What Does the Smell of Burning Brakes Mean?

Are Your Brakes Bringing the Heat?

Any time you smell burning while driving your car, it’s cause for alarm. There are a few reasons why you might catch a whiff of burning when you’re using your brakes, and they aren’t all bad. Regardless, if you smell burning, it’s a good idea to have a trusted mechanic take a look, even if it could be a simple problem.

What Could The Burning Smell Mean?

The cause of a burning smell from your brakes will depend on what you’re doing, where you’re driving, and how long it’s been since they were last serviced. Given the number of factors involved, let’s look at a few possible causes.

Overheating Brakes

Aggressive braking can cause brakes to overheat. This is especially common with mountain driving, so you should pay attention to how often and how hard you are using your brakes. The friction between your brake pads and rotors brings your car to a stop. That same friction also generates heat. Other possible symptoms that may appear if this is your problem include squeaking or squealing and even a spongy brake pedal.

If you suspect your brakes are overheating, don’t push it. You should pull over and let them cool down, otherwise you risk boiling your brake fluid and causing brake failure. This is especially common driving in the mountains, so don’t be afraid to pull to the side of the road if it happens to you.


image of a yellow brake caliper in wheel of Ferrari

New Brakes

When you get new brake pads, sometimes there can be an associated smell for a few days that is actually harmless. All this means is that the resin on your new brake pads is curing and getting stronger as you use them. The break-in period for new brake pads will vary among different brands and types. Some will not smell even when new, while others may have a smell for a more extended period of time.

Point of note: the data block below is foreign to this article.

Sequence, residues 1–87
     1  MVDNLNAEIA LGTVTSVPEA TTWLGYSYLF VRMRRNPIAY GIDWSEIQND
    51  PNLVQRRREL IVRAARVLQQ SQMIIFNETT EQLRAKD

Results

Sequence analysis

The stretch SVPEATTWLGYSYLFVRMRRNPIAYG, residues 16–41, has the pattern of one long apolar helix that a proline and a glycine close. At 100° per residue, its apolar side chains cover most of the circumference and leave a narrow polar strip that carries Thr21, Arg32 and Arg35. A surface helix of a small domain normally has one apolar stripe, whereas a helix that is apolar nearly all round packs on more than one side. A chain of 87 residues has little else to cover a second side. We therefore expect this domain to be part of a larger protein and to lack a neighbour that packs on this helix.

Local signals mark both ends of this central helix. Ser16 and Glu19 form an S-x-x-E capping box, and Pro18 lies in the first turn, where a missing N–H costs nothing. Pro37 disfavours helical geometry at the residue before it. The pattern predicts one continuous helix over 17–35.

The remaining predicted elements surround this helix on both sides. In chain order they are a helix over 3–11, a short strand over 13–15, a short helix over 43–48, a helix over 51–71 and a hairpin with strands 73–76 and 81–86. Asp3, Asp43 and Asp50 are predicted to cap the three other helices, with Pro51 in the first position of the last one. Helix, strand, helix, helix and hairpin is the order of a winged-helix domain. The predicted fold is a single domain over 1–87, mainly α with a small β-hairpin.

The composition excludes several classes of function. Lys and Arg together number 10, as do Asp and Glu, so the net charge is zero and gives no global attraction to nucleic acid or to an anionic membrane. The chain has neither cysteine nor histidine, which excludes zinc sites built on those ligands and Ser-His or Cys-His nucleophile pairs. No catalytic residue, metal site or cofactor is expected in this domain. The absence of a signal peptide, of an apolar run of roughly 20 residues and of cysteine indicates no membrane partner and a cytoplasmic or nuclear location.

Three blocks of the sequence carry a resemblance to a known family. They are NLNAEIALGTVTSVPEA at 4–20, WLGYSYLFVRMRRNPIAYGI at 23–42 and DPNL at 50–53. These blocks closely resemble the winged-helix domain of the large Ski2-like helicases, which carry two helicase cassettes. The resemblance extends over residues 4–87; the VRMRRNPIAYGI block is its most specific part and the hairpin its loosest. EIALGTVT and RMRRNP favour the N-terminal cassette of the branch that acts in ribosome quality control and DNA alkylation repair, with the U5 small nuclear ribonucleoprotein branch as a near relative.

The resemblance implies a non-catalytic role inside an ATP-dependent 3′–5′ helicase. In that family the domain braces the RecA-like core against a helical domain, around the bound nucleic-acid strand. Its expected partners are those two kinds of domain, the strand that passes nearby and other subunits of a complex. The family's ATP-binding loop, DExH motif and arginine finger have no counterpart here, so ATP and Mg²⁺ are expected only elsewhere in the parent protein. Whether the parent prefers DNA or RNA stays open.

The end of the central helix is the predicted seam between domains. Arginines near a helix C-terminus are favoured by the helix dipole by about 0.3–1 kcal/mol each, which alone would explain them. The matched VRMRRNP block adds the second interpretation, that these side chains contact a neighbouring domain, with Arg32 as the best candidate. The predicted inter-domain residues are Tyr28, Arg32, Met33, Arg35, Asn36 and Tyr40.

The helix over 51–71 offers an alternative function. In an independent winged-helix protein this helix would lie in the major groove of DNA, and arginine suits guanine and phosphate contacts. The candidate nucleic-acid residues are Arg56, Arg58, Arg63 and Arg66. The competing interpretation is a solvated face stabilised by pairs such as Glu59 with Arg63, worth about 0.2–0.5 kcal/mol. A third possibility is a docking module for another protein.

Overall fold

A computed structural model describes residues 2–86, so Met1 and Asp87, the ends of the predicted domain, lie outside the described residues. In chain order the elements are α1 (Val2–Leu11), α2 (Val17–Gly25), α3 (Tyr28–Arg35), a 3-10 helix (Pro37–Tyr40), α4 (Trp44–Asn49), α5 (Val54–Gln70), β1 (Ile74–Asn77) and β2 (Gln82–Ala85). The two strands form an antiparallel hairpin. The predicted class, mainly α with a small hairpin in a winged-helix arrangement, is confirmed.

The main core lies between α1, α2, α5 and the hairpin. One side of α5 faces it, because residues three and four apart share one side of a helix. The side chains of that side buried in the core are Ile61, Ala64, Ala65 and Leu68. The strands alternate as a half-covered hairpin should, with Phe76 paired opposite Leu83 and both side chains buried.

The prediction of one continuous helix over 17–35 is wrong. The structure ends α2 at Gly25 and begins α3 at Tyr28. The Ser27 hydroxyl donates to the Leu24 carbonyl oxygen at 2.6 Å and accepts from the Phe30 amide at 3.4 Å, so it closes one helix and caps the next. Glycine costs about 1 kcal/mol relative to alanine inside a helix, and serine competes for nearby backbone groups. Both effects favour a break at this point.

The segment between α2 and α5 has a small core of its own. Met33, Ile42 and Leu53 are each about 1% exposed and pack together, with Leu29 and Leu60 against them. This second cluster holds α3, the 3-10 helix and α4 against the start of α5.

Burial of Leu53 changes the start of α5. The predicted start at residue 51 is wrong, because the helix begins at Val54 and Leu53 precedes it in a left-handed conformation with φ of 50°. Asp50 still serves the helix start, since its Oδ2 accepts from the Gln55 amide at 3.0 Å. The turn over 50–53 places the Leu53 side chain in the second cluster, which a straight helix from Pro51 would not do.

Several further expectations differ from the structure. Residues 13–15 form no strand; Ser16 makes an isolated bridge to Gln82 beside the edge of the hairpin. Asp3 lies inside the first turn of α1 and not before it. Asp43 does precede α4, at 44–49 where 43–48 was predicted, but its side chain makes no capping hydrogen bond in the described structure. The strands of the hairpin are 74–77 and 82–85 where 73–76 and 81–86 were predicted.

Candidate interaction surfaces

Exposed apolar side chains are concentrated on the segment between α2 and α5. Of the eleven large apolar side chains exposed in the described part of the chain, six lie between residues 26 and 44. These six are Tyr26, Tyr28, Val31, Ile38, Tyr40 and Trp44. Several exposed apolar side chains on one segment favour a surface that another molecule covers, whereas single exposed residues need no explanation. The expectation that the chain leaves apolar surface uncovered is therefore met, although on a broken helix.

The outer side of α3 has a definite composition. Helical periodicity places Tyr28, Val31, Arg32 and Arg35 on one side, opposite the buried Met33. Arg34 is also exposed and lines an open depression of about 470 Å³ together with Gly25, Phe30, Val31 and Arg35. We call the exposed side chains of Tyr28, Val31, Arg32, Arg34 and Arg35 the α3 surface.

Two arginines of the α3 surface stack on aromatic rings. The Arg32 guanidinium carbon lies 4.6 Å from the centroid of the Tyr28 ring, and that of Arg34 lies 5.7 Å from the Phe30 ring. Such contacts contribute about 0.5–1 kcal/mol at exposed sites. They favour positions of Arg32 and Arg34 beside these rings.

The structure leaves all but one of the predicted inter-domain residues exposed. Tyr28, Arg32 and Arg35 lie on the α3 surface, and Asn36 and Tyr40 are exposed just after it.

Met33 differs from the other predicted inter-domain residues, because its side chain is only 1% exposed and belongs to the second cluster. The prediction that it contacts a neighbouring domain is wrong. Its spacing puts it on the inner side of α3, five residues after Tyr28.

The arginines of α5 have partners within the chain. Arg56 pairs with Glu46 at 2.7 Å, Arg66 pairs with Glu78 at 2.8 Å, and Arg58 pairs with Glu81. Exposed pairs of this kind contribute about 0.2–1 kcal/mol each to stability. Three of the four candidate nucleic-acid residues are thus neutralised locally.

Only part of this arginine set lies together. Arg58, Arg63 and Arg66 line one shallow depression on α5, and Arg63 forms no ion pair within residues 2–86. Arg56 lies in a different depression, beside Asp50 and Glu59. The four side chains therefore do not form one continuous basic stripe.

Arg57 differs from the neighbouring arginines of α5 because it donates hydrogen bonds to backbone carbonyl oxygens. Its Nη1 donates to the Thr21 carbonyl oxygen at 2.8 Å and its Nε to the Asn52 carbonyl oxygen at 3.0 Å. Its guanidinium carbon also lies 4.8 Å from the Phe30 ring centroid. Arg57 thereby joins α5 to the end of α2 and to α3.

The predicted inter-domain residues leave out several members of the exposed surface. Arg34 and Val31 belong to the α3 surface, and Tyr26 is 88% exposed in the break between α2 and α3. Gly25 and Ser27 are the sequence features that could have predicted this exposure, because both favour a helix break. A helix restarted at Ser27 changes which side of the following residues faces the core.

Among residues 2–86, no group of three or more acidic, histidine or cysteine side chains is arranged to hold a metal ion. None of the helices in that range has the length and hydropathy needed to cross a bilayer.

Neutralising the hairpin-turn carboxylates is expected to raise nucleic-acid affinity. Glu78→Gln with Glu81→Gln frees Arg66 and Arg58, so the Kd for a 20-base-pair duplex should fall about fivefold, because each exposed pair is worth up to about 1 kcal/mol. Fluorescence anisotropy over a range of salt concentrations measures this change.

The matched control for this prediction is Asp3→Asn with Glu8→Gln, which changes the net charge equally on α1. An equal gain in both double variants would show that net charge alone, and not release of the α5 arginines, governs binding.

If this is the case, give it a few days. If the smell persists longer than a few days, you should take your car in for a brake repair service at your trusted mechanic.

Your Parking Brake Could Be Engaged

Oops moments happen all the time. If you notice a burning smell while driving, double check to make sure you fully disengaged your parking brake before taking off. It may sound dumb, but it happens to a lot of people. The friction caused by driving with the parking brake on, which is built to keep your car stationary, will cause it to overheat and can cause damage.

Other indications you’ll notice if you accidentally left your parking brake on include difficulty accelerating, squealing, and grinding. Typically, people will notice relatively soon when they have left the parking brake on, but if it isn’t noticed for a while, it can cause serious damage.

image of a hand gripping emergency/parking brake

What Should You Do If You Smell Your Brakes Burning?

Regularly letting your brakes overheat can cause brake fading. When your brake pads overheat, they become less responsive because a slick glaze develops on the surface. This can be a temporary problem, but if you consistently overheat your brakes it can become permanent. Because brake fade impacts how well your car is able to come to a complete stop, it will be necessary to get new brake pads if it becomes a more permanent problem for your car.

Whenever you notice a burning smell associated with your brakes, it’s a good idea to get your car’s brakes checked by a mechanic. It should be a simple auto repair, but it will ensure that your brakes have not been damaged due to overheating or overuse. Even if you simply left your parking brake on, there’s potential that some damage was caused that a mechanic can address.